Learning safe multi-label prediction for weakly labeled data

Learning safe multi-label prediction for weakly labeled data In this paper we study multi-label learning with weakly labeled data, i.e., labels of training examples are incomplete, which commonly occurs in real applications, e.g., image classification, document categorization. This setting includes, e.g., (i) semi-supervised multi-label learning where completely labeled examples are partially known; (ii) weak label learning where relevant labels of examples are partially known; (iii) extended weak label learning where relevant and irrelevant labels of examples are partially known. Previous studies often expect that the learning method with the use of weakly labeled data will improve the performance, as more data are employed. This, however, is not always the cases in reality, i.e., weakly labeled data may sometimes degenerate the learning performance. It is desirable to learn safe multi-label prediction that will not hurt performance when weakly labeled data is involved in the learning procedure. In this work we optimize multi-label evaluation metrics ( $$\hbox {F}_1$$ F 1 score and Top-k precision) given that the ground-truth label assignment is realized by a convex combination of base multi-label learners. To cope with the infinite number of possible ground-truth label assignments, cutting-plane strategy is adopted to iteratively generate the most helpful label assignments. The whole optimization is cast as a series of simple linear programs in an efficient manner. Extensive experiments on three weakly labeled learning tasks, namely, (i) semi-supervised multi-label learning; (ii) weak label learning and (iii) extended weak label learning, clearly show that our proposal improves the safeness of using weakly labeled data compared with many state-of-the-art methods. http://www.deepdyve.com/assets/images/DeepDyve-Logo-lg.png Machine Learning Springer Journals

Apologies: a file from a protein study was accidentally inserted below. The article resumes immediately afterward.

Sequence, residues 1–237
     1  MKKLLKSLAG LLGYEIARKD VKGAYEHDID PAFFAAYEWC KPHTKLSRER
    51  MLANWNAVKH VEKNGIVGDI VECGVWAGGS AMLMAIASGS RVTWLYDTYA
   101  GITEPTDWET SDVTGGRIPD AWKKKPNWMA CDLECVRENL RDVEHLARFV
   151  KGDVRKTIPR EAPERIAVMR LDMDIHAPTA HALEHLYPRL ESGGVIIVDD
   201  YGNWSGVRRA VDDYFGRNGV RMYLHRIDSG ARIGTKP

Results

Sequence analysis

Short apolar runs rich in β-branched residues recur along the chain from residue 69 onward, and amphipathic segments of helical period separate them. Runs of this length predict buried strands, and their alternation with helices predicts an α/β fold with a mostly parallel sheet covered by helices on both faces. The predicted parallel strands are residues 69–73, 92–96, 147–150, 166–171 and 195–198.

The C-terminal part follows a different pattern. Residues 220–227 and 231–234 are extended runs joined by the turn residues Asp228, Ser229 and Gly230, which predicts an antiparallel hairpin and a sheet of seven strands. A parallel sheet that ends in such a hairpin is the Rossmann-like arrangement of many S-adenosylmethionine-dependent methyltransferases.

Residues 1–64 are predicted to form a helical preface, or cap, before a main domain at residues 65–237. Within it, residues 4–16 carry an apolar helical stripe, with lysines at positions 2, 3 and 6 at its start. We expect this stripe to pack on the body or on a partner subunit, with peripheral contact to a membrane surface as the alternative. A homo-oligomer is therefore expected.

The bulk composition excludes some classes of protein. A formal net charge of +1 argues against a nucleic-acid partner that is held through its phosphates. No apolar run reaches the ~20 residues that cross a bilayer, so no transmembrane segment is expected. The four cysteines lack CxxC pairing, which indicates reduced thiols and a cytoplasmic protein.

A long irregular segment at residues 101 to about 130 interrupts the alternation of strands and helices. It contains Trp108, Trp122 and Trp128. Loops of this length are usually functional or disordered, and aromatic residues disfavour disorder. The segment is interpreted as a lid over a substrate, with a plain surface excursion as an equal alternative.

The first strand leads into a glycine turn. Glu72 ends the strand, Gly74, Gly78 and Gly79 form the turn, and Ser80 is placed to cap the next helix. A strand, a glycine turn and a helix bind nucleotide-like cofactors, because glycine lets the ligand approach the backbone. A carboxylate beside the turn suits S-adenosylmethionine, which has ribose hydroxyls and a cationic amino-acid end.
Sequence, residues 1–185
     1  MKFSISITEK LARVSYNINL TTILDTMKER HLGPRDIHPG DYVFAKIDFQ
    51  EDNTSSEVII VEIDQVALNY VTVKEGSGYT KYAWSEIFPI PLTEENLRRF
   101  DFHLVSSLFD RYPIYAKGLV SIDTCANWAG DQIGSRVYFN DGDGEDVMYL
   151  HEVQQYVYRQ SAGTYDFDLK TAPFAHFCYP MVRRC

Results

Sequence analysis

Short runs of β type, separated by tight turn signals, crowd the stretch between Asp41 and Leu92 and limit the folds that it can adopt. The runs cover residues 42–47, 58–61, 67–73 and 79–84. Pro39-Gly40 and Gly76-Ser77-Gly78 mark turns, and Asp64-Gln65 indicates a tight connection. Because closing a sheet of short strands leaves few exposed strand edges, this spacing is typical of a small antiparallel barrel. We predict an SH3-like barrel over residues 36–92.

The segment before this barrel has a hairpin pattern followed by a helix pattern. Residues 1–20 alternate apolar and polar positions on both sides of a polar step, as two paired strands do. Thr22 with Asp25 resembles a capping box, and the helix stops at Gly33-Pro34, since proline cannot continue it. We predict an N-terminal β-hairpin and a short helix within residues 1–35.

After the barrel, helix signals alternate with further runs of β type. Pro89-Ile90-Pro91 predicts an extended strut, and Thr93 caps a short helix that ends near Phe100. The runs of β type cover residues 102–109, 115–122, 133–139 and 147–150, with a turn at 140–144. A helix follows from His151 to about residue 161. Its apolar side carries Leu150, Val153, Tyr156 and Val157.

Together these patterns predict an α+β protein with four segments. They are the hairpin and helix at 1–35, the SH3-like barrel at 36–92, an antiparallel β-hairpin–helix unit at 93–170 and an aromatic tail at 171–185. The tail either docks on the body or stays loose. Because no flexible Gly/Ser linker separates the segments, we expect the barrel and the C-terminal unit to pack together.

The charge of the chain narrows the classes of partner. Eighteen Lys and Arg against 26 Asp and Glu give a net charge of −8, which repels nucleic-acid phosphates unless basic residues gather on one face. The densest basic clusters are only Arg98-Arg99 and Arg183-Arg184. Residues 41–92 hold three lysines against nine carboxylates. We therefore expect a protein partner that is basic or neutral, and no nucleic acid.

Learning safe multi-label prediction for weakly labeled data

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Publisher
Springer US
Copyright
Copyright © 2017 by The Author(s)
Subject
Computer Science; Artificial Intelligence (incl. Robotics); Control, Robotics, Mechatronics; Computing Methodologies; Simulation and Modeling; Language Translation and Linguistics
ISSN
0885-6125
eISSN
1573-0565
D.O.I.
10.1007/s10994-017-5675-z
Publisher site
See Article on Publisher Site

Abstract

In this paper we study multi-label learning with weakly labeled data, i.e., labels of training examples are incomplete, which commonly occurs in real applications, e.g., image classification, document categorization. This setting includes, e.g., (i) semi-supervised multi-label learning where completely labeled examples are partially known; (ii) weak label learning where relevant labels of examples are partially known; (iii) extended weak label learning where relevant and irrelevant labels of examples are partially known. Previous studies often expect that the learning method with the use of weakly labeled data will improve the performance, as more data are employed. This, however, is not always the cases in reality, i.e., weakly labeled data may sometimes degenerate the learning performance. It is desirable to learn safe multi-label prediction that will not hurt performance when weakly labeled data is involved in the learning procedure. In this work we optimize multi-label evaluation metrics ( $$\hbox {F}_1$$ F 1 score and Top-k precision) given that the ground-truth label assignment is realized by a convex combination of base multi-label learners. To cope with the infinite number of possible ground-truth label assignments, cutting-plane strategy is adopted to iteratively generate the most helpful label assignments. The whole optimization is cast as a series of simple linear programs in an efficient manner. Extensive experiments on three weakly labeled learning tasks, namely, (i) semi-supervised multi-label learning; (ii) weak label learning and (iii) extended weak label learning, clearly show that our proposal improves the safeness of using weakly labeled data compared with many state-of-the-art methods.

Journal

Machine LearningSpringer Journals

Published: Dec 12, 2017

References

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